HRH Ashi Kesang Wangmo Wangchuck launches the book during the Tarayana Fair on May 6, 2010, Thimphu, Bhutan. The co-authors can be seen in the background.
Its recipe contents table looks more inviting than the menus of most Bhutanese restaurants and, flipping through its pages, one can almost smell and taste the aromas and textures of succulent phaksha pa, the crunchy hogey and bitter khule.
The book ‘Foods of the Kingdom of Bhutan’ should come with a warning – Do not go through this book on an empty stomach. It accentuates hunger pangs. The book is the culmination of a common interest in food and cultures and repeated travels to Bhutan of Ernest T Nagamatsu and his son Erik Nagamatsu. Food, according to Ernest Nagamatsu, who has travelled extensively around the world, is “the common denominator leading to an understanding of the various histories and traditions of the world’s different cultures.”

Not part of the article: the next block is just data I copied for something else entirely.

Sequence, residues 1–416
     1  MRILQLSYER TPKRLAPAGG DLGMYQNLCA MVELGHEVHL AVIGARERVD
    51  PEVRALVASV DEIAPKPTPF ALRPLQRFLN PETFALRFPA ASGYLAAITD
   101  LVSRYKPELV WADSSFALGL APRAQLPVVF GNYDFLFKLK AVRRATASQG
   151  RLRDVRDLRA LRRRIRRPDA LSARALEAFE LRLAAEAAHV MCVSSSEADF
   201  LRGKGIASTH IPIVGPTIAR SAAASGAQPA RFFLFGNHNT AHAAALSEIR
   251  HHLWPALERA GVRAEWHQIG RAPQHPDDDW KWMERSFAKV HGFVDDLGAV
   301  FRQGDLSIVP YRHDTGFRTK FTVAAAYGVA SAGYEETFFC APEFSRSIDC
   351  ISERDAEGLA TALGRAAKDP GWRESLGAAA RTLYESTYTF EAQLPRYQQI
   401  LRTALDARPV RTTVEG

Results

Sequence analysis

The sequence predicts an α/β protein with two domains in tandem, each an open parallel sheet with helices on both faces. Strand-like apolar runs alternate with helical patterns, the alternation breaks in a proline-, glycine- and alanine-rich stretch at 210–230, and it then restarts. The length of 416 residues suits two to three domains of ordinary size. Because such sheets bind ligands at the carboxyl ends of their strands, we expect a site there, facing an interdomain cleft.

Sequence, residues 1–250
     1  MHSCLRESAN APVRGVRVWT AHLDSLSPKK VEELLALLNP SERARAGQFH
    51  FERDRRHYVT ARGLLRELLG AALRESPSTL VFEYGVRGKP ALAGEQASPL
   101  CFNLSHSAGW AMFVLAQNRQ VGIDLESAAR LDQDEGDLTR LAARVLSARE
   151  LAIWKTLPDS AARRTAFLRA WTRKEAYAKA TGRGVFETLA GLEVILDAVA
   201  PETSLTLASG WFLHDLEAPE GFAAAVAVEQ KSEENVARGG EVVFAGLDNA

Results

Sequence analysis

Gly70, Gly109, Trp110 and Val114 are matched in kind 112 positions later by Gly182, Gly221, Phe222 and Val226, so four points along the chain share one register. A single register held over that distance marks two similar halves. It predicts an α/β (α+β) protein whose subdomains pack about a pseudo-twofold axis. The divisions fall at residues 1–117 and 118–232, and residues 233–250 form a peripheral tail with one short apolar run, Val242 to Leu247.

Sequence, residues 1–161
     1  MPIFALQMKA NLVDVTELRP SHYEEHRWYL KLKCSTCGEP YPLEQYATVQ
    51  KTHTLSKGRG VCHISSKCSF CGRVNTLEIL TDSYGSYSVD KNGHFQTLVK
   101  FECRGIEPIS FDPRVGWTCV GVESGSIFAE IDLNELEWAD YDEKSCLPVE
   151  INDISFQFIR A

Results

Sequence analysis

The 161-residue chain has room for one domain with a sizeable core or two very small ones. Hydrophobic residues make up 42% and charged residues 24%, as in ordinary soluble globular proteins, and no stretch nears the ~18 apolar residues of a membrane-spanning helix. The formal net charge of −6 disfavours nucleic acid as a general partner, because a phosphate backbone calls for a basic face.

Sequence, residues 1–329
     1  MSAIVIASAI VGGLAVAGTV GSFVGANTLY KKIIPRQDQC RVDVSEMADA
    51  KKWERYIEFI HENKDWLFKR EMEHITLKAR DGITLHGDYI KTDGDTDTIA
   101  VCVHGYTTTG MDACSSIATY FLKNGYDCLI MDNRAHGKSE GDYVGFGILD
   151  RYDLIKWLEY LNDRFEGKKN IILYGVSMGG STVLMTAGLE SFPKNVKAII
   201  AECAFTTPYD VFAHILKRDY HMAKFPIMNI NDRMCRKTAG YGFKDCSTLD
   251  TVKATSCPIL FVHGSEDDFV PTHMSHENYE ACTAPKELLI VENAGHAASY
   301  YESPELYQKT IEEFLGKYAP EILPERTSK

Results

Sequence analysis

Despite having culinary experiences from various cultures of the world, the two have specifically produced a cookbook on traditional Bhutanese food, simply because there aren’t any books on it. The recipes are simple and, as expected, chili, powdered or whole, is the indispensable and integral part of all recipes. The book includes a small section on trekking food and preparation and cooking of momo and buckwheat noodles.
It also puts Bhutanese cuisine in a flattering light, with its exhibition of the wild and organic vegetables like the patsha, fiddlehead fern, and the mushrooms that proudly decorate the book and the traditional wooden bowls. However, in the process, it almost evokes a sense of nostalgia, in the sense that most restaurants in Bhutan are dominated by Indian and Chinese cuisine.
An excerpt from the Kuensel by Kinley Wangmo, 16 May, 2010
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All proceeds of this book benefit the Bhutan Foundation and Tarayana Foundation.